Making transgenic plants and animals
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Making Transgenic Plants and Animals. Why? Study gene function and regulation Generate new organismic tools for other fields of research. Cure genetic diseases. Improve agriculture and related raw materials.

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Making Transgenic Plants and Animals

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Making Transgenic Plants and Animals

  • Why?

  • Study gene function and regulation

  • Generate new organismic tools for other fields of research.

  • Cure genetic diseases.

  • Improve agriculture and related raw materials.

  • Generate new systems or sources for bioengineered drugs (e.g., use plants instead of animals or bacteria).

Transgenic Mice

The organism of choice for mammalian genetic engineers.

- small

- hardy

- short life cycle

- genetics possible

- many useful strains and tools

The Nobel Prize in Physiology or Medicine, 2007

Mario R. Capecchi, Martin J. Evans and Oliver Smithies

for their discoveries of "principles for introducing specific gene modifications in mice by the use of embryonic stem cells"

M. Capecchi

Univ. of Utah

Sir M. Evans

Cardiff Univ., UK

O. Smithies

UNC Chapel Hill

The Problem with trying to make KOs: Random DNA Integration

  • DNA can integrate into the genome by homologous (H) or non-homologous (N-H) recombination

  • Frequency ofN-H>>H (by at least 5000-fold) in mammalian cells

  • If you want H integrants, which you need for knock-outs, you must have a selection scheme for those.

Vector for integrating a transgene by HR (i.e., into a specific site)

tk1 & tk2 - two copies of a Herpes Simplex Virus thymidine kinase gene (makes cells susceptible to gancyclovir)

Neo- neomycin resistance gene

Homologous regions - homologous to the chromosomal target

Transgene - foreign gene

Example of what happens with N-H recombination

Transformed cells are neo-resistant, but gancyclovir sensitive.


What happens with HR

If DNA goes in by HR, transformed cells are both neo-resistant and gancyclovir-resistant!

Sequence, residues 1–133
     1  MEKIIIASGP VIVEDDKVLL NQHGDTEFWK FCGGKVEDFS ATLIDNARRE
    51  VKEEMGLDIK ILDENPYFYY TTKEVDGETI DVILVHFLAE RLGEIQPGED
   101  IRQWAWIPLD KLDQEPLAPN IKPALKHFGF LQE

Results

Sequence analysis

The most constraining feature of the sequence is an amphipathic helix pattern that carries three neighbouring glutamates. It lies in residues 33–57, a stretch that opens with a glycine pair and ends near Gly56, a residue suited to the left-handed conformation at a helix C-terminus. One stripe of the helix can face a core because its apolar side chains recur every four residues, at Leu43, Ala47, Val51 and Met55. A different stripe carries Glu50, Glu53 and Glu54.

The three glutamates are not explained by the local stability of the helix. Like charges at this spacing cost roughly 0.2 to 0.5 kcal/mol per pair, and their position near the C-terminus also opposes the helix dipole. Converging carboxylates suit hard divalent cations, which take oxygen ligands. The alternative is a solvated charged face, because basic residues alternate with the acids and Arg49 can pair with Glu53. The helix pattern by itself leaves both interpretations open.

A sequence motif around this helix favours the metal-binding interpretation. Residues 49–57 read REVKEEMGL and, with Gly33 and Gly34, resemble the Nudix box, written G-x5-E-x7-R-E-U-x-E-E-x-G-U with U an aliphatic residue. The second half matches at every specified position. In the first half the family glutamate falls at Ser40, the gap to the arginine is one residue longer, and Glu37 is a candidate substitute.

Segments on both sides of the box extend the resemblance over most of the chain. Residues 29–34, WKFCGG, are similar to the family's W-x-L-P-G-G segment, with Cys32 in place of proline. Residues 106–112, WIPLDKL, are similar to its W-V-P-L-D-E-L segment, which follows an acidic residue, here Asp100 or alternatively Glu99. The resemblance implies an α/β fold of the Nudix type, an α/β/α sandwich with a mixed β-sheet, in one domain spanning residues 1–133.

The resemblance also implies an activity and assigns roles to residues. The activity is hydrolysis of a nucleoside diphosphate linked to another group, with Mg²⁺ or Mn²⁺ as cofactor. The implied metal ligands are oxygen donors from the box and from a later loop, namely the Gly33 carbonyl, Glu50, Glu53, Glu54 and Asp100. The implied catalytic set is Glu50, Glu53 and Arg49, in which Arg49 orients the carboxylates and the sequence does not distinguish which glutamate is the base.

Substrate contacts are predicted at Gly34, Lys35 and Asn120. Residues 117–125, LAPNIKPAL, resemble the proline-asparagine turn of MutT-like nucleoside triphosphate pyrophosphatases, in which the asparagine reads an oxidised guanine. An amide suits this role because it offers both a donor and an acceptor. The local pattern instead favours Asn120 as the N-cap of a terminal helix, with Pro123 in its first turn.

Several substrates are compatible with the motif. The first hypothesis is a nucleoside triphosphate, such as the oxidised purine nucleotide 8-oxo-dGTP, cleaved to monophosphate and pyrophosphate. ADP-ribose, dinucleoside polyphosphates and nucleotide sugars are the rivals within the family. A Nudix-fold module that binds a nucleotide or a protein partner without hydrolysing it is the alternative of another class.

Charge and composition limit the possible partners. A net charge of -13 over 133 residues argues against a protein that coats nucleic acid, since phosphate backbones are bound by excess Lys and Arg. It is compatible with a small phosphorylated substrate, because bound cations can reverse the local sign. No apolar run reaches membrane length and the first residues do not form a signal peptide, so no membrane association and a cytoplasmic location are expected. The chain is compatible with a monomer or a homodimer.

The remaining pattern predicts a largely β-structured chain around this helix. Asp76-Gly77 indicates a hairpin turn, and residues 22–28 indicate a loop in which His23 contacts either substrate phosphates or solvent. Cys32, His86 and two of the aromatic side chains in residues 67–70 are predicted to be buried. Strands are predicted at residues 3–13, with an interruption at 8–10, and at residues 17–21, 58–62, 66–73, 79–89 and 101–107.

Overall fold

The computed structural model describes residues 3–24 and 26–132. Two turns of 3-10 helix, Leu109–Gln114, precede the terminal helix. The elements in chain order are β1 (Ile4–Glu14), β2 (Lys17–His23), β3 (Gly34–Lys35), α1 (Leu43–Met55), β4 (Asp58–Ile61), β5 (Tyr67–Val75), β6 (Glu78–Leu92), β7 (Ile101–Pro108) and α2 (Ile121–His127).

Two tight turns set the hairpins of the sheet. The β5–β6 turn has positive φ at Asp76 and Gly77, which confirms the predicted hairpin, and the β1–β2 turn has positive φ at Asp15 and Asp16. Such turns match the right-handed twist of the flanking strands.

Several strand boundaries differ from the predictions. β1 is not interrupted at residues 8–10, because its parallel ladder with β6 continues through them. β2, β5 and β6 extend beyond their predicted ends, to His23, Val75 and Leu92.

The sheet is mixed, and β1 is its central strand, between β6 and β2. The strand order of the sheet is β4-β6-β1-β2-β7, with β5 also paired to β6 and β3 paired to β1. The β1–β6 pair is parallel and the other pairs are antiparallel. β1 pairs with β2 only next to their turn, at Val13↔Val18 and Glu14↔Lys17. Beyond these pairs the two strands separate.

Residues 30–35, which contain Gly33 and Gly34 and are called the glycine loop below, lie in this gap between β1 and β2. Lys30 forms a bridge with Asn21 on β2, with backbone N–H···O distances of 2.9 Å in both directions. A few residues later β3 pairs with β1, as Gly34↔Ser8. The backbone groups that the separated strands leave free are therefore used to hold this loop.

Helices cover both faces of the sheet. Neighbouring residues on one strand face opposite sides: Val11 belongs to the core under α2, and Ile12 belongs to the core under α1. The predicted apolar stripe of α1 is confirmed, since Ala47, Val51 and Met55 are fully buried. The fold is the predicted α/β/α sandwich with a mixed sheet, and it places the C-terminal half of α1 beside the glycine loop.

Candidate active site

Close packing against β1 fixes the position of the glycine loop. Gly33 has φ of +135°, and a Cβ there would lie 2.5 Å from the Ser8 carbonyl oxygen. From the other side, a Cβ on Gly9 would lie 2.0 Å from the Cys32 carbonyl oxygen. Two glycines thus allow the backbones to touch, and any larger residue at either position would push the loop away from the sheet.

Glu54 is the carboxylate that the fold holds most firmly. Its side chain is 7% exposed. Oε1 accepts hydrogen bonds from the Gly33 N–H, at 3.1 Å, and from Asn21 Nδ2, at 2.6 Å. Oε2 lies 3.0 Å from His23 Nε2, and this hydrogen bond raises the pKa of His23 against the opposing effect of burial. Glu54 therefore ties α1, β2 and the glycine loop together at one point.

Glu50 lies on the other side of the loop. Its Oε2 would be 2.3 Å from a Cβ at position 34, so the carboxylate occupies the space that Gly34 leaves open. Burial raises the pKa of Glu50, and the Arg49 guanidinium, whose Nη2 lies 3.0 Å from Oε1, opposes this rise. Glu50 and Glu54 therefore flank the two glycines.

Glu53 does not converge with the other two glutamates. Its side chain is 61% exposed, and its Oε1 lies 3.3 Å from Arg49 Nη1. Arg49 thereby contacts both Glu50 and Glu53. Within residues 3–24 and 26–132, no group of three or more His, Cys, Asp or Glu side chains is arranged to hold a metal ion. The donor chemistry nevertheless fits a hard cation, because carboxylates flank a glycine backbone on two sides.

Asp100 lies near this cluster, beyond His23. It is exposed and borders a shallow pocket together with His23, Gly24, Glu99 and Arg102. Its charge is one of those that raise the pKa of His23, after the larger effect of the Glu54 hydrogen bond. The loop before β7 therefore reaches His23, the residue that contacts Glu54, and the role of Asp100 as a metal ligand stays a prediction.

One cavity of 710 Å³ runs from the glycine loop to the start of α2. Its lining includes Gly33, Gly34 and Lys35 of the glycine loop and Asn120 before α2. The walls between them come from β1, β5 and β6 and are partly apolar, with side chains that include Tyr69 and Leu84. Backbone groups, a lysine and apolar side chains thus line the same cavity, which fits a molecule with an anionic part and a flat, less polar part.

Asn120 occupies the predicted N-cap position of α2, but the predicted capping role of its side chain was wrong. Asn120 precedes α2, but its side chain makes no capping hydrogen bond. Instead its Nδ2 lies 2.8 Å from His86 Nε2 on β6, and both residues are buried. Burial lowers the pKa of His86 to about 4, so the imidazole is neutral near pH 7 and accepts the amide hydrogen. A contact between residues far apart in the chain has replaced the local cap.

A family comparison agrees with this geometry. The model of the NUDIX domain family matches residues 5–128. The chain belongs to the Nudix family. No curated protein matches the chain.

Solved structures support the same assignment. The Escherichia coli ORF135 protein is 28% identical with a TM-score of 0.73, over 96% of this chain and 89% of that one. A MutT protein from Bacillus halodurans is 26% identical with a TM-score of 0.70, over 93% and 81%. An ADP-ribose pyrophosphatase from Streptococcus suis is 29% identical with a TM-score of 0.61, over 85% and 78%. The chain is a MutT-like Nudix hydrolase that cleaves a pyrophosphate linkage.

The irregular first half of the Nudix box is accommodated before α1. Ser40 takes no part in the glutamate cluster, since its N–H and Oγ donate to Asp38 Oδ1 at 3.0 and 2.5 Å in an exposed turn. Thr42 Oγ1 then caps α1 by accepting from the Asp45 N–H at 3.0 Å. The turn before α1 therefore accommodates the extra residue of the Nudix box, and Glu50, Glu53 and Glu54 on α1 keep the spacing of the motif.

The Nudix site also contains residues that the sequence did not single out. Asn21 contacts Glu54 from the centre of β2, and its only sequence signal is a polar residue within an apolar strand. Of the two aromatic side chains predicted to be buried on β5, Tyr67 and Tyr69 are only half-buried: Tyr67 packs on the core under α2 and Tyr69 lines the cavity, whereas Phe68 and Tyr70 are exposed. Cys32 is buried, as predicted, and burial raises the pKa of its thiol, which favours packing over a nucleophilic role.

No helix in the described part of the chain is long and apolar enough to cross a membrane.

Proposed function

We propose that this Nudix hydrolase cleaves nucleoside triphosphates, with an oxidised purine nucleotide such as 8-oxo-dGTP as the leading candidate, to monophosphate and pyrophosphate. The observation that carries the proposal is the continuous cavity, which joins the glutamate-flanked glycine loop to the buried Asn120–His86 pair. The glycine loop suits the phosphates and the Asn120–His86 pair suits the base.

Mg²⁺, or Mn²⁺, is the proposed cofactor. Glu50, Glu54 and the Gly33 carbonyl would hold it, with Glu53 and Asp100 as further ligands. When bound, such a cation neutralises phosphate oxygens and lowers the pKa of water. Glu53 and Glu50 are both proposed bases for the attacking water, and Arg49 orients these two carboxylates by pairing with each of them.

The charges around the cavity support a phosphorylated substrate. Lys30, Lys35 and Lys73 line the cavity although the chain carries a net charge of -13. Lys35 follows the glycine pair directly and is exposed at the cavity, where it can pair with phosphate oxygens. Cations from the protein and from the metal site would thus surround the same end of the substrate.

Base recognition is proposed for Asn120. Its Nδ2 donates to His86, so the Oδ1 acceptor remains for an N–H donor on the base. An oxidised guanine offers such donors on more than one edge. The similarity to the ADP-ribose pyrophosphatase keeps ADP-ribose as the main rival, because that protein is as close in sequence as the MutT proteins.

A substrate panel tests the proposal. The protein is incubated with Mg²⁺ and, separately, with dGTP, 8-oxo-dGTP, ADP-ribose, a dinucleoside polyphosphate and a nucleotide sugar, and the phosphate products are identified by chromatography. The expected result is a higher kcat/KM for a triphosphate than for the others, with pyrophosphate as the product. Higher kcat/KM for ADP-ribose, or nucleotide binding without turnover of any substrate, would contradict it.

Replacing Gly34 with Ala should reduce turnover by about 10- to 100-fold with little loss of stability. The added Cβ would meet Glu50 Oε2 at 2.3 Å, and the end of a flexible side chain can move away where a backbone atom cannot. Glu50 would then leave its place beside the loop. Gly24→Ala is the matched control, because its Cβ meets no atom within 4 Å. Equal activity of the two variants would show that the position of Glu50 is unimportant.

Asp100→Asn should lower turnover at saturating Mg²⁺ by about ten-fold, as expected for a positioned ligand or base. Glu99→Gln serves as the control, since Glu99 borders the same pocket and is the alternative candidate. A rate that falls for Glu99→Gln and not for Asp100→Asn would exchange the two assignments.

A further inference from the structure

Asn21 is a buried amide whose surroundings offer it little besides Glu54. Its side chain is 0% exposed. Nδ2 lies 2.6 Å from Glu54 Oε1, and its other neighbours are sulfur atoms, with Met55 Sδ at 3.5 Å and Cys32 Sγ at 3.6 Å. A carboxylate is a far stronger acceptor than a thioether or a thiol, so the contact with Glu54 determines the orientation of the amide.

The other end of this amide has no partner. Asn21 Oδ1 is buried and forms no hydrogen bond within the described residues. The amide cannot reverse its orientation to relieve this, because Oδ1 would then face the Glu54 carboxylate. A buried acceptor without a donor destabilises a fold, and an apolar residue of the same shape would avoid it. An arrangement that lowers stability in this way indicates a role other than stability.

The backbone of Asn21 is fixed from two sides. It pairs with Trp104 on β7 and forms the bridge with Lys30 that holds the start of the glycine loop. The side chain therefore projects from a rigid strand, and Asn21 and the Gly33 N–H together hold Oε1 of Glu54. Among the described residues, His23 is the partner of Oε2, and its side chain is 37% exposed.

Use double-selection to get only those cells with a homologous integration event.

From Fig. 5.40

  • To knock-out a gene:

  • Insert neo gene into the target gene.

  • Transform KO plasmid into embryonic stem cells.

  • Perform double-selection to get cells with the homologous integration (neo & gangcyclovir resistant).

  • Inject cells with the knocked-out gene into a blastocyst.





How to make a transgenic mouse.

With DNA


Chimeric mouse

(a) If the recipient ES cells are from a brown mouse, and the transformed (transgenic) ES cells are injected into a black (female) mouse, chimeras are easily identified by their Brown/Black phenotype.

(b) To obtain a completely transgenic KO mouse (where all cells have a KO gene), mate the chimera with a black mouse. Some of the progeny will be brown (which is dominant), indicating fertilization with a germ-line cell (gamete) that ultimately came from a KO-ES cell. Only about 50% of the brown progeny mice, however, will have the KO allele, because the transgenic ES cell that underwent meiosis to produce the germ-line cell was probably heterozygous for the KOed gene.

(c) To obtain a homozygous KO mouse (both alleles are KOs), cross brown heterozygotes, and ~1/4 of the progeny will be homozygous.

Not necessarily 3:1

Similar to Fig. 5.41

Gene therapy in humans presents some formidable problems

  • If you could introduce the gene in early development (e.g., eggs? or blastocyst) might could cure (or partially cure) many diseases.

  • How to fix them later, as a child, adolescent, adult, etc.?

  • Transgenic technology + stem cell technology = many interesting possibilities

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